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The Mittens, Monument Valley

Posted by
Don Smith (California, United States) on 15 November 2009 in Landscape & Rural.


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Redwoods and Mendocino Coast Photo Workshop - June 15-18, 2010 (space available)
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Big Sur Photo Workshop Summer August, 2010 (Exciting details TBA soon)!
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Having returned from my Arches/Canyonlands workshop (which by the way was a very enjoyable workshop with a great group of participants) and a couple days spent scouting/shooting parts of northern Arizona for my upcoming Spring Northern Arizona Workshop: Grand Canyon, Horseshoe Bend, Upper Antelope Canyon, and Sedona, it's time to start wading through a bevy of images and begin processing.

One stop along the way was at Monument Valley, a definite iconic slice of Americana. A new Navajo-run hotel, The View, now sits atop the canyon rim and affords its guests this iconic scene of the famed Mittens. Along the east end of the parking area is also a viewing spot that includes desert foreground elements, which can be incorporated into the frame.

These two large sandstone boulders provided a foreground that has been used in thousands of images, though my recollection of these being the specific boulders did not come to me until I had played with various compositions for at least 30 minutes under sunset light. Finally, a couple iconic images made by Ansel Adams and Galen Rowell flooded my conscious, and I realized I was standing at the exact spot where these two legends captured their images.

Somewhat dismayed that I may simply be repeating their success's, I nonetheless pushed on with my own visual pursuit as the light became increasingly softer after the sun had set. The striated etchings on these rocks are really what caught my eye and I liked the way they moved the eye towards the Mittens. Each boulder's markings pointed towards the monolith at the opposite side of the frame (creating two implied diagonal lines) and thus forming an imaginary X-line which serves to tie the four elements together in a tight bond. I decided to try compressing the boulders with the 1,000-foot monoliths by using my 70-200 mmL lens at f/16. Careful hyperfocal focus was needed for all the elements to be sharp, thus I bracketed my focus. The subtle twilight pinks in the sky balanced the red of the rocks and the blue portion of the sky lent for some visual tension.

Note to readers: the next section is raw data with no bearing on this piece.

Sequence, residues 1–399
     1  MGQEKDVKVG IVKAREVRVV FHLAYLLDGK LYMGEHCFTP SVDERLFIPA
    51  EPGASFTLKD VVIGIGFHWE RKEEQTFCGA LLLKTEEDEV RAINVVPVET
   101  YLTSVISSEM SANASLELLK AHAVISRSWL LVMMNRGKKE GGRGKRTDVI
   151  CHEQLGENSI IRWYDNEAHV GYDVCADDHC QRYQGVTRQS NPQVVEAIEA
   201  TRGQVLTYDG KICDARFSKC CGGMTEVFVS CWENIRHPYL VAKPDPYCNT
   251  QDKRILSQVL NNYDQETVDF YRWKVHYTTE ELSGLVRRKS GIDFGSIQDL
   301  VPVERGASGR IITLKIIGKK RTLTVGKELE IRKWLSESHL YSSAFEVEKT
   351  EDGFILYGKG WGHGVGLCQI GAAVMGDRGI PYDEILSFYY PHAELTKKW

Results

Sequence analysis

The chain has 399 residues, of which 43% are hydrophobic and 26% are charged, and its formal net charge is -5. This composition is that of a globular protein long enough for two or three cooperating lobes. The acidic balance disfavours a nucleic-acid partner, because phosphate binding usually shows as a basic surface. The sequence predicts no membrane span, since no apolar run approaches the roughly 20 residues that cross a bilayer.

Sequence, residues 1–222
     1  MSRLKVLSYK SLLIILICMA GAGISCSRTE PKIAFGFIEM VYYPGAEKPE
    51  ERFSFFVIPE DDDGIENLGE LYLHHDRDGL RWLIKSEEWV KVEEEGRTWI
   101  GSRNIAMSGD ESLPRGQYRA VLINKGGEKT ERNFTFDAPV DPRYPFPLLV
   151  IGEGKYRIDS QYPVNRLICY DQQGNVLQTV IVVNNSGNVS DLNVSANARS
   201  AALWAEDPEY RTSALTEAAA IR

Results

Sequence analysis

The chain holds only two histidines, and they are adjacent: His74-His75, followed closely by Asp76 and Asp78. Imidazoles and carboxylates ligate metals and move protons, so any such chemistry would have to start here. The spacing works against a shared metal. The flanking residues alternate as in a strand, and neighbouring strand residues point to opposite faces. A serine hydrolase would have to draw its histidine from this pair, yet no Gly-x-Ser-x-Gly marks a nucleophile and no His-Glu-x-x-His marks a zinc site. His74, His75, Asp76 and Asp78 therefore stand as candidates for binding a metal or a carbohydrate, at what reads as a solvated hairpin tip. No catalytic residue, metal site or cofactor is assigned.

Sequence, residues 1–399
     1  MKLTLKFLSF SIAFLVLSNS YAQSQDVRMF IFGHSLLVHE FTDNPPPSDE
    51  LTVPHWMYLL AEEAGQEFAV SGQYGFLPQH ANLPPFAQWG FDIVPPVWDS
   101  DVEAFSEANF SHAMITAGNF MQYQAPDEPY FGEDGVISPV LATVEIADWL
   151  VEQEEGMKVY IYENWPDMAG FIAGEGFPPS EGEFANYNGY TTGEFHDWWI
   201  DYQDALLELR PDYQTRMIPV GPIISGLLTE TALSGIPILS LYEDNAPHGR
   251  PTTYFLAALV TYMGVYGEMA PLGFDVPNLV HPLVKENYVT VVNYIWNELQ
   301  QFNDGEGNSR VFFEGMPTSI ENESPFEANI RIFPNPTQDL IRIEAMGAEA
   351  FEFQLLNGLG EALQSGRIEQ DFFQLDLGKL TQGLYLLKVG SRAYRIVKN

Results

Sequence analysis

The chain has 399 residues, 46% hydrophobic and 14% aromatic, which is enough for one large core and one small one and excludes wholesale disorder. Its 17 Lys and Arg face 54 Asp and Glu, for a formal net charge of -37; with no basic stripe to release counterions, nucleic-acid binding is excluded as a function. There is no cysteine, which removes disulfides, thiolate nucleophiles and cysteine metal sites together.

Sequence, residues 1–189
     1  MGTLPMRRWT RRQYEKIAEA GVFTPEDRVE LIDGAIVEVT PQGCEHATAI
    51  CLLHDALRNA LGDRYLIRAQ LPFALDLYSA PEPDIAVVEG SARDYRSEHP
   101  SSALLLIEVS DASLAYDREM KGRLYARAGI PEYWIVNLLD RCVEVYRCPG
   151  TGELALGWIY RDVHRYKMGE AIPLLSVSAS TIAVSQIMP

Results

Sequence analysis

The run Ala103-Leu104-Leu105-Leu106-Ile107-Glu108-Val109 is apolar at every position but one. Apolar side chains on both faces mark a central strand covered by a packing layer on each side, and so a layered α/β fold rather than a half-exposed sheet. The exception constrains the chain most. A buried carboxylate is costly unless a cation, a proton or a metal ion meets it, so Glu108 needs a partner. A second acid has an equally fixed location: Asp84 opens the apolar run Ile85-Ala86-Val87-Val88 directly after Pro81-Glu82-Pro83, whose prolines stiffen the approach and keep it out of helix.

Time for a quick vent at the risk of upsetting some of my readers. I know this is Navajo Reservation land. But commercialism is alive and well at Monument Valley (as well as in Page, Arizona) and the tribal council regulates when and where tourists can be at any given time. We paid to take the 17-mile scenic loop through arguably some of the most impressive scenery in the country. But we were also told (in a very condescending manner) to be out by dark (no elaboration as to sunset, dusk, or pitch blackness). We were however approached by various Navajo guides all willing to take us to our desired destinations for a price. The Federal Government has no control over this National Treasure. What can be done? Nothing. We must live with the Navajo regulations as they are (or pay handsomely to break the rules).

I processed the RAW and made some localized corrections with Nik' new Viveza 2 software. There is a new structure slider that allowed me to bring out the texture of the foreground rocks. Viveza 2 will be available next month and I highly encourage you to give it a try. Please use my code (located below) to save 15% off your order!

Canon EOS-1Ds Mark III 1 second F/16.0 ISO 200 70 mm

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